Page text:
10. Sep 11, 2013 #10

    Crazy8

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    It may be easier and faster to lower the percentage of water in your lye water than to use a dehumidifier. I'm no expert though, just kinda taking a guess on the reading and stuff I have done with such practices. But what you end up doing is using the same amount of lye and a little less water. Thus there is less water that needs to be evaporated and causing a faster cure time. I have heard of people using as little as 33% water in all batches they do. So this practice might be something to play with but I dont think I would jump right to 33%.
     
  11. Sep 12, 2013 #11

    Robert

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    The same can occur with firework stars.
     
  12. Sep 12, 2013 #12

    shunt2011

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    Even with a water discount I still cure my bars 4-6 weeks. That's my personal preference and that of many other soapers from what I've seen and read. It totally a personal choice but I prefer to let my bars become the best they can be before using or selling.
     
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  13. Sep 12, 2013 #13

    danielle22033

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    How much can I discount my water? Can I have a 1:1 ratio? (lye:water)
     
  14. Sep 12, 2013 #14

    houseofwool

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    Yes, you can do a 1:1 ratio, any more concentrated than that and the lye will not dissolve completely. However, it is likely that the recipe will trace quickly.
     
  15. Sep 12, 2013 #15

    PinkCupcake

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    My soap sits in my utility room to cure, and there is very little ventilation in there. I live in a hot & humid climate, so I have a dehumidifier in the room, but I don't think it makes the air dry enough to cause any problems. It certainly doesn't speed up the cure time.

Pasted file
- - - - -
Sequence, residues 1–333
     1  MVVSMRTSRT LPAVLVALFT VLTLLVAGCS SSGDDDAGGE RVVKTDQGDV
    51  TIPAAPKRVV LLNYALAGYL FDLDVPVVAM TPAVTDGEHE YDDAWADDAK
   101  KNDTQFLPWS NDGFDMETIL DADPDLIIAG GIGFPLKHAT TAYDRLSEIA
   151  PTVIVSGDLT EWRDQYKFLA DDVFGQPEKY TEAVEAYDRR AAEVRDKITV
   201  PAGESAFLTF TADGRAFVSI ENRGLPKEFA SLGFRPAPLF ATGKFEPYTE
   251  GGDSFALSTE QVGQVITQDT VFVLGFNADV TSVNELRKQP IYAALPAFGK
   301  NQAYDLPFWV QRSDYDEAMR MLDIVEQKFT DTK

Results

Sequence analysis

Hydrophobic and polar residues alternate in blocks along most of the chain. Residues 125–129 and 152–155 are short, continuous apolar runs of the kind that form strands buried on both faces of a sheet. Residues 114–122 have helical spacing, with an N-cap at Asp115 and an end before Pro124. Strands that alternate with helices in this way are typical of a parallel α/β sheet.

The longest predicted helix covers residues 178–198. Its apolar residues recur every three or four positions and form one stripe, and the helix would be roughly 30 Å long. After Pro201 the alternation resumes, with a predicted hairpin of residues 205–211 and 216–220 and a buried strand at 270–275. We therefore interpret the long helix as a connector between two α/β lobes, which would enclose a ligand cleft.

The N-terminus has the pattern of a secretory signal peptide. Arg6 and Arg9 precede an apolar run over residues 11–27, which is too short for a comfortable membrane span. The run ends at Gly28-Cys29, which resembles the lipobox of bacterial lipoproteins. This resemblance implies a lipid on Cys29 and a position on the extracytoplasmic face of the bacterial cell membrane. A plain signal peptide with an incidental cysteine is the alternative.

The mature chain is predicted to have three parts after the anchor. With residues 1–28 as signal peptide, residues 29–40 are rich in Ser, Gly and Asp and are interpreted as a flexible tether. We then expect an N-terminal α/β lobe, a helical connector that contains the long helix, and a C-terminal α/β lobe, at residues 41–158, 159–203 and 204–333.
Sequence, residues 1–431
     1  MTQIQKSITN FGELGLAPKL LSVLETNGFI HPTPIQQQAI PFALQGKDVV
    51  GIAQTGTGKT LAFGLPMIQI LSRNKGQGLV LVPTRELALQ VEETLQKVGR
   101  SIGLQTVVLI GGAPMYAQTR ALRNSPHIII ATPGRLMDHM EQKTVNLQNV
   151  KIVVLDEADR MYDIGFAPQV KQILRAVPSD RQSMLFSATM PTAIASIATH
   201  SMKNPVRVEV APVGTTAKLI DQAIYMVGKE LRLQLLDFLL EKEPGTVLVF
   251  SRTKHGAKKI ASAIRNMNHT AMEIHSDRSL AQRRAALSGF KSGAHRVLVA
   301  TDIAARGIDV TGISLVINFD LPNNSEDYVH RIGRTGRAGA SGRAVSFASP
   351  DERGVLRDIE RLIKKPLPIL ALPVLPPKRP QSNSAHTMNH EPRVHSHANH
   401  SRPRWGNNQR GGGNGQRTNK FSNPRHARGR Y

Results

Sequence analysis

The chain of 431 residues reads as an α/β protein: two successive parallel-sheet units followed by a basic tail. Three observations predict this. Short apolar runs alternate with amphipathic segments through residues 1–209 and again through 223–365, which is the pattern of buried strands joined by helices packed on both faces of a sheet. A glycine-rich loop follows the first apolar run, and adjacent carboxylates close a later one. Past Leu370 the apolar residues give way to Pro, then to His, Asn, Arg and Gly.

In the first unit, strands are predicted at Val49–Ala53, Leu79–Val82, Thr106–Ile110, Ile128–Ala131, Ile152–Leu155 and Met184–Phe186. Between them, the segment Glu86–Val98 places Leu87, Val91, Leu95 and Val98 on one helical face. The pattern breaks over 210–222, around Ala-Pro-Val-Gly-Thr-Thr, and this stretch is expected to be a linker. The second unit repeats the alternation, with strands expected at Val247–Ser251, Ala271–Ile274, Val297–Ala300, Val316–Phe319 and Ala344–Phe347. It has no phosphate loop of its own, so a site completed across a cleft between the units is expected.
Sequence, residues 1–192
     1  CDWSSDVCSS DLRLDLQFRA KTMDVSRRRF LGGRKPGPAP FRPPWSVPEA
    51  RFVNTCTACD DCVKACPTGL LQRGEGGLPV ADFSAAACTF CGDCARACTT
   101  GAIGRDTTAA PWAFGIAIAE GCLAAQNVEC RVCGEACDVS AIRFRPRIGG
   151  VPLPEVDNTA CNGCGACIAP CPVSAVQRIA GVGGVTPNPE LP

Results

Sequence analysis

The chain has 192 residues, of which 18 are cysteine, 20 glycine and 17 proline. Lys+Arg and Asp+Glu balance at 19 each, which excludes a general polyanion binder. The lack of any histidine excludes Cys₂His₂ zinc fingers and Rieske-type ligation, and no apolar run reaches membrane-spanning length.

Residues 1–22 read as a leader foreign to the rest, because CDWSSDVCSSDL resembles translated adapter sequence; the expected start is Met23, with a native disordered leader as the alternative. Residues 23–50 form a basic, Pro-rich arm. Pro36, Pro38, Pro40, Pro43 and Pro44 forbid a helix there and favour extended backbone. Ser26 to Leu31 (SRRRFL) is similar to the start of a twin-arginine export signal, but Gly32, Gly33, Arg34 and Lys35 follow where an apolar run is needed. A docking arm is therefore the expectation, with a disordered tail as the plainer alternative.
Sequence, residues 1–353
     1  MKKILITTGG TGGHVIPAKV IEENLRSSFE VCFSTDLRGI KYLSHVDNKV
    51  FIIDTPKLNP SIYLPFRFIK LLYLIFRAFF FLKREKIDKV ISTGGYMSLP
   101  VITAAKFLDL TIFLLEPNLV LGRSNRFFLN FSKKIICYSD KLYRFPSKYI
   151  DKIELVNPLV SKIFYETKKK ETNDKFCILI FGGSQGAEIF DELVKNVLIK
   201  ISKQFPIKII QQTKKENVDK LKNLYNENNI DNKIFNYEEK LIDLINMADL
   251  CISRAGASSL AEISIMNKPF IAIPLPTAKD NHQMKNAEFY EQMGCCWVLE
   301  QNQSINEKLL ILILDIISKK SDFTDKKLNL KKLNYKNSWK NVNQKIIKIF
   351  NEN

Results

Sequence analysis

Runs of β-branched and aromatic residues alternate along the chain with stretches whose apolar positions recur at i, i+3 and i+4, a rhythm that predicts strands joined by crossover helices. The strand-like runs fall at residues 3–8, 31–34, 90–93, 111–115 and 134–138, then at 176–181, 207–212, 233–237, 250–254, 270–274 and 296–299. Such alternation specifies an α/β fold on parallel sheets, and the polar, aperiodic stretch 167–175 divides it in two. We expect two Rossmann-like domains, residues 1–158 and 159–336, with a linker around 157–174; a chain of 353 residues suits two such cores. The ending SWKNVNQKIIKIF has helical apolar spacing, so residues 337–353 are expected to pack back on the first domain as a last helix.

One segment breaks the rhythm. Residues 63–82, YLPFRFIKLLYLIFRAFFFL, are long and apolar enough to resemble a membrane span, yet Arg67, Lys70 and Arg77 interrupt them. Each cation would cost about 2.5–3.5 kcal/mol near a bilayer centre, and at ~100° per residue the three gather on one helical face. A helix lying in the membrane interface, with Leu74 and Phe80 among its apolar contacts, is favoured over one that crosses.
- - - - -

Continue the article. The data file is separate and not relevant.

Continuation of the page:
16. Sep 12, 2013 #16

    Zelda Rose

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    I've been able to get my soaps to dry better in very high humidity with a wireless dehumidifier I bought from Amazon for around $25. Best money I ever spent. I use a wood linen closet in a bathroom to cure my soaps. The cabinet measures 30in Wide 50in Tall and 24 inches Deep. The humidifier is wireless and I just plug it in to recharge it about every 2 weeks (or sooner depending on the weather) It's called "Eva-dry E-500 Renewable Wireless Mini Dehumidifier" . There are little moisture absorbing balls inside that turn clear/pink when they are fully full of water. Then after it's plugged in for a while the balls will be the color blue and ready to go back to work.
     
  17. Sep 12, 2013 #17

    jcandleattic

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    yes, same principle applies with soap.
     
  18. Sep 12, 2013 #18

    dixiedragon

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    I do, in that I have a dehumidifier in my house. We don't have it specifically for soap. Generally, though, if you are running the heat or air conditioner, that dries the air enough that I don't think you need a de-humidifier for soap.
     
  19. Feb 17, 2020 #19

    pgnz2017

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    I use a dehumidifier and a fan at the same time.
     
  20. Feb 17, 2020 #20

    shunt2011

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    This post is 7 years old. Using a humidifier and fan will not quicken the cure of soap. It may help the liquid evaporate but not cure.